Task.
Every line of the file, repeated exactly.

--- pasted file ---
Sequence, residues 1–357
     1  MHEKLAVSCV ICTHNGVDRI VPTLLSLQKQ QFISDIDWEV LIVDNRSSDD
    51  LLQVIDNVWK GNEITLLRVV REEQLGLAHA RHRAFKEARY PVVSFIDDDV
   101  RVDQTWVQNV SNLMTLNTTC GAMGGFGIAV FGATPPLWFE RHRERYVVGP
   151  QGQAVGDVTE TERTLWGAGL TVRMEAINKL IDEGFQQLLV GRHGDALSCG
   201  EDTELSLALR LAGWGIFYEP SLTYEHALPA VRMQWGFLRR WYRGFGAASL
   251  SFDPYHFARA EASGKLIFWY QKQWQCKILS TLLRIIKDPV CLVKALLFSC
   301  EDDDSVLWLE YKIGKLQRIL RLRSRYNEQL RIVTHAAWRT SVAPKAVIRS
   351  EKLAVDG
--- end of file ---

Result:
Sequence, residues 1–357
     1  MHEKLAVSCV ICTHNGVDRI VPTLLSLQKQ QFISDIDWEV LIVDNRSSDD
    51  LLQVIDNVWK GNEITLLRVV REEQLGLAHA RHRAFKEARY PVVSFIDDDV
   101  RVDQTWVQNV SNLMTLNTTC GAMGGFGIAV FGATPPLWFE RHRERYVVGP
   151  QGQAVGDVTE TERTLWGAGL TVRMEAINKL IDEGFQQLLV GRHGDALSCG
   201  EDTELSLALR LAGWGIFYEP SLTYEHALPA VRMQWGFLRR WYRGFGAASL
   251  SFDPYHFARA EASGKLIFWY QKQWQCKILS TLLRIIKDPV CLVKALLFSC
   301  EDDDSVLWLE YKIGKLQRIL RLRSRYNEQL RIVTHAAWRT SVAPKAVIRS
   351  EKLAVDG